The movie opens with the following message:
“Land disputes are prevalent throughout Pakistan. There are over one million cases pending. Groups take possession through legal and extra-legal means. All too often resolutions perpetuate existing biases against female ownership.”
Based on a true story, My Pure Land takes us to an environment we are rarely exposed to on the big screen, a small village in Pakistan with dusty roads and grassy fields. We are introduced to two sisters, Nazo and Saeda, who are armed and ready to defend their home from their uncle Mehrban. He demands ownership of their land because the land he inherited was barren. Nazo’s initial resistance ends up with two of Mehrban’s men being killed. Troubled and enraged, Mehrban calls in the local for-hire ragtag militia. Nazo’s only hope is a local police force that can be bought like cattle, and what her father has taught her.
Written and directed by British-Pakistani debutant Sarmad Masud, My Pure Land subverts a genre rarely seen beyond the scope of America and Europe. Sarmad takes an otherwise patriarchal and misogynistic genre, the western, and drops in our protagonist Nazo Dharejo played by Pakistani actress Suhaee Abro (Yaqeen Ka Safar) who impresses with her subdued yet powerful performance. The movie opens with the stand-off between Nazo’s family inside the house and Mehrban laying siege outside of it. Flashbacks are used to fill in the blanks of how the situation escalated to this finality. At the beginning we see Nazo’s vulnerability bubble just below the surface, hiding underneath a stiff upper-lip and a steely-eyed gaze. However as the siege continues we see Nazo overcome the limitations that her father struggled to confront, the inevitability that Mehrban was willing to kill to claim their land as his own. She is tasked with leading the defence of her home, in a patriarchal society, where that onus falls onto her father and her brother.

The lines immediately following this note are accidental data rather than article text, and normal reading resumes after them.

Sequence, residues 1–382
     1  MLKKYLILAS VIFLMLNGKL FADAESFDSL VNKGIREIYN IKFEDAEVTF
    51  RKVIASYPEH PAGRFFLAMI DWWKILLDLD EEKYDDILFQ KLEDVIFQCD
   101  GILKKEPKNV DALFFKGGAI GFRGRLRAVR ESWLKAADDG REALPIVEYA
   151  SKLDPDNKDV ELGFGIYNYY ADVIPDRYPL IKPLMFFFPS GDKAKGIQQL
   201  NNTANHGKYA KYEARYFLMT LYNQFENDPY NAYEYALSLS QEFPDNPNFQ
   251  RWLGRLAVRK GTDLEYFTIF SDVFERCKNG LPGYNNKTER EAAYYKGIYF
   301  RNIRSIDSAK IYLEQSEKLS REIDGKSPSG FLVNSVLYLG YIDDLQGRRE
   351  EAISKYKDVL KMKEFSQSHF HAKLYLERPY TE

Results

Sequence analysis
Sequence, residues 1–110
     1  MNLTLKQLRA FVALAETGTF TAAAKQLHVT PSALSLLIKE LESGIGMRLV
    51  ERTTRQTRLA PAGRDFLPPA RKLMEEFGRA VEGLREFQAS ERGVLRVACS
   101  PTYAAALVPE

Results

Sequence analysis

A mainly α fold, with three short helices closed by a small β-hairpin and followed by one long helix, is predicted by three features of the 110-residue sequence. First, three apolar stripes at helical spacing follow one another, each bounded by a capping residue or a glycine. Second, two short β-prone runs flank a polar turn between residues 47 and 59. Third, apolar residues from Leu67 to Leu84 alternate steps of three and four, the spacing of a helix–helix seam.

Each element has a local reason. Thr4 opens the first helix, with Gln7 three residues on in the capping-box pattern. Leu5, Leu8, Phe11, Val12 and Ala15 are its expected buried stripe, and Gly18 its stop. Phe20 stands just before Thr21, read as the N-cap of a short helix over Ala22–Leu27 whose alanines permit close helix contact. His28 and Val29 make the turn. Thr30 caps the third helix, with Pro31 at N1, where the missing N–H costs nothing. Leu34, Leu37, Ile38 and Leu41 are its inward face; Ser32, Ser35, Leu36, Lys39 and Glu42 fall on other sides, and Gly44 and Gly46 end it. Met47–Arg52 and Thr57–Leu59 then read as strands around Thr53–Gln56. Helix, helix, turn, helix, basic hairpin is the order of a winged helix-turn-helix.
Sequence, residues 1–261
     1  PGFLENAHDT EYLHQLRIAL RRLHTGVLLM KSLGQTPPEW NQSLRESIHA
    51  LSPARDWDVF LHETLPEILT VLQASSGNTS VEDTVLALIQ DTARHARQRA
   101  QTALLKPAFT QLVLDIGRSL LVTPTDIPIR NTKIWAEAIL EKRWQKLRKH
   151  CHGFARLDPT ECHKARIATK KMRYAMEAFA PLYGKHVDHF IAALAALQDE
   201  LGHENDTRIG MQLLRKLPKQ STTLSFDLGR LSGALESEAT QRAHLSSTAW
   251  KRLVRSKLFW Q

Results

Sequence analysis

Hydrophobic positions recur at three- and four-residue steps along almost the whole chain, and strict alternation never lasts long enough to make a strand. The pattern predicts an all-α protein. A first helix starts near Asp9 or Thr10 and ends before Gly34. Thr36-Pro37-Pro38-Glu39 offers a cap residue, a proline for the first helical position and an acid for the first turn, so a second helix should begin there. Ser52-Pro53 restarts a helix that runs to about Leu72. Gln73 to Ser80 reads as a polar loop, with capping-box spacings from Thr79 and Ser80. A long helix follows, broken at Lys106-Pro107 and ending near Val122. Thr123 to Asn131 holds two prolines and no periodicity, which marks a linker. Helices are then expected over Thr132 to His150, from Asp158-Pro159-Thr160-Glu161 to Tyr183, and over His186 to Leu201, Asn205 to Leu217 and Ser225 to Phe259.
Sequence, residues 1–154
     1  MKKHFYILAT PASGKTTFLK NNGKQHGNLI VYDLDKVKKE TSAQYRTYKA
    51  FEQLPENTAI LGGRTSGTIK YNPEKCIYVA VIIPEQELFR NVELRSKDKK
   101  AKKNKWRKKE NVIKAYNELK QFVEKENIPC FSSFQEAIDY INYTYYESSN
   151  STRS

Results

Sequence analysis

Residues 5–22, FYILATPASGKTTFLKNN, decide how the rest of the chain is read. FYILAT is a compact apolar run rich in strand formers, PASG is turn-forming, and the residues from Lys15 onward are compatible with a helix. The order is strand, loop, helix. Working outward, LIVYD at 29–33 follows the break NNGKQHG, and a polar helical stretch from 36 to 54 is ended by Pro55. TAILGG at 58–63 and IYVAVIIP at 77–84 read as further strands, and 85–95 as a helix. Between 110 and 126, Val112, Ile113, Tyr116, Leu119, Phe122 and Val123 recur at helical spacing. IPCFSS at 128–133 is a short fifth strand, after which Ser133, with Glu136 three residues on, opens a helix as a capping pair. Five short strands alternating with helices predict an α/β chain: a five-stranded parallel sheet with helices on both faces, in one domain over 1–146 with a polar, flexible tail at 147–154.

Generally, westerns aren’t realistic depictions of gun battles; they are action-heavy and bloody with a whole lot of bullets flying for minutes on end. However, Masud’s vision includes subverting that trope in order to put authenticity at the forefront. In a small Pakistani village, bullets are a luxury and we are constantly reminded of that. Even the hired thug-in-chief retorts in anger when Mehrban suggests storming the house, “Shut up! Has your mother paid for all these bullets?” However, the choreography for the action scenes is underwhelming; several times we are cut away from an action scene into a flashback that fizzles out the tension that was built up so well. As a result, we never really see Nazo engage in a fire fight that visibly puts her life in danger.
Having visited Pakistan recently, I can personally vouch for how beautifully the cinematographer Haider Zafar captured the visual essence of village life in Pakistan; from the scenery of day and night to the claustrophobic depiction of the local police station, the movie does a good job of setting a scene before anything is said or done.
My Pure Land is an authentic look at Pakistan; from the importance of a father empowering his daughters; to the commonplace land disputes; to the ugliness of police corruption. It deserves to be seen if only to highlight the importance of being an empowered and independent woman in a deeply patriarchal society.